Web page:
Seclusion and restraint have been a way of life when it comes to managing mental illness in India; be it in a family looking after its mentally ill member within the home or in a mental health treatment facility with inpatient services, such as a general hospital psychiatry unit or a mental hospital. Even in dargahs or other places of worship that are thronged by hordes of people with mental illness in search of relief, very often, the mentally ill are secluded or chained for days together with the intention of controlling them.[1],[2] Our cinema reflects this reality, with films that sensationalize depictions of chained persons in mental asylums inadvertently invoking fear and dread of mentally ill people and mental health facility in the viewers' minds.[3],[4],[5]

Ironically, despite its widespread use, seclusion or restraint hardly ever becomes a topic of discussion, in the medical literature, or in human rights groups in our country. It is considered a “done thing,” a part of standard protocols for management, and using it in any situation is not considered harmful or risky, or a violation of the rights of the mentally ill person. There has been no attempt to standardize protocols about when to consider seclusion and restraint, and what guideline to follow. Recently, the draft of mental health care bill has focused on this issue;[6],[7] however, legislation cannot entirely resolve the inherent problems, as we shall discuss later in the paper.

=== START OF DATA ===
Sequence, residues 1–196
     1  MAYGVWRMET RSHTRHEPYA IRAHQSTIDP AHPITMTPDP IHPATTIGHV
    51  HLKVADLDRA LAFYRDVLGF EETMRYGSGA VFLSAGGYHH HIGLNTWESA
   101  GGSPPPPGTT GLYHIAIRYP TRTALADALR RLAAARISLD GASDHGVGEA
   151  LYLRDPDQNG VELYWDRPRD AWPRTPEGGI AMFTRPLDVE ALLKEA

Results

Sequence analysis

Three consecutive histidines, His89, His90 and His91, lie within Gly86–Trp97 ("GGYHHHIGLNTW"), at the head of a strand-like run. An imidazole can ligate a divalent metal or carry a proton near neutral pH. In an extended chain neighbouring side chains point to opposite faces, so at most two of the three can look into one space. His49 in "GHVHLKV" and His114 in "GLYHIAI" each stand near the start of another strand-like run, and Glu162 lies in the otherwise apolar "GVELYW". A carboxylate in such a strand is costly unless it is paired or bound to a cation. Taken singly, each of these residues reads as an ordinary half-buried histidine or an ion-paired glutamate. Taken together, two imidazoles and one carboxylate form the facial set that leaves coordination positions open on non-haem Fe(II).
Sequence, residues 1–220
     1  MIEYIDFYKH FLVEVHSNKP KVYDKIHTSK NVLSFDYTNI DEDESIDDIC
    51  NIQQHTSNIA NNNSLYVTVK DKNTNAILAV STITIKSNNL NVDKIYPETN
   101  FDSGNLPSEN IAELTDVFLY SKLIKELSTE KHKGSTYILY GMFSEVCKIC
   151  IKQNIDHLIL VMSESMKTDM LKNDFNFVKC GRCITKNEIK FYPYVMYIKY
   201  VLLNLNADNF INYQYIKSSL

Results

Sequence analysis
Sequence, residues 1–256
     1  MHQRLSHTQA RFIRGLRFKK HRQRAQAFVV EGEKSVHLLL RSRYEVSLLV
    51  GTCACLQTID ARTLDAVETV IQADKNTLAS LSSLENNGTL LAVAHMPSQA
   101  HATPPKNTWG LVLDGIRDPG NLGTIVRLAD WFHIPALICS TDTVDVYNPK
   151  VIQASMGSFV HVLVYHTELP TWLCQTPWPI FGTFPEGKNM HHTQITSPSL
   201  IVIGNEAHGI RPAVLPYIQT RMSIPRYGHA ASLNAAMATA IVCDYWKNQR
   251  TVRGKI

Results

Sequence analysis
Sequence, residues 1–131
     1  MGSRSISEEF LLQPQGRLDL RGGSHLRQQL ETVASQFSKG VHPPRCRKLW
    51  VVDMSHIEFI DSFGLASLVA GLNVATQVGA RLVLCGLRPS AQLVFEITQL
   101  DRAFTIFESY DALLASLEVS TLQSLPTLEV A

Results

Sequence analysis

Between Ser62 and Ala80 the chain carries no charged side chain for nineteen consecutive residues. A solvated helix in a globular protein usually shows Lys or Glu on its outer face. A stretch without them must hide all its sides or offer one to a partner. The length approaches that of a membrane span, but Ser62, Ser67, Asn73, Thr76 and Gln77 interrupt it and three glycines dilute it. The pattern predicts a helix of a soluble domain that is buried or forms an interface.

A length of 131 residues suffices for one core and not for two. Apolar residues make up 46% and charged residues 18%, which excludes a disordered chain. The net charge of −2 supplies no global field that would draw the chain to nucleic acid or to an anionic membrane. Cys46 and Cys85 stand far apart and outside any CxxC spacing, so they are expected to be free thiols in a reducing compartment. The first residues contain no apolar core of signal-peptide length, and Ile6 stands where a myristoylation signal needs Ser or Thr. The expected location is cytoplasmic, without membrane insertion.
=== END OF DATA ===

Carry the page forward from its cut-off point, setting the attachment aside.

This is in stark contrast with developed countries, where clear definitions of seclusion and restraint have evolved, alongside guidelines about their application in the clinical settings. Moreover, there are well-defined roles for each category of staff (psychiatrist, psychiatric nurse, social worker, etc.) in the clinical team. A brief and selective review of the major themes addressed in the literature is provided here in order to highlight the issues and motivate toward a more general discussion of seclusion and restraint in this country.

  Current Status in India Top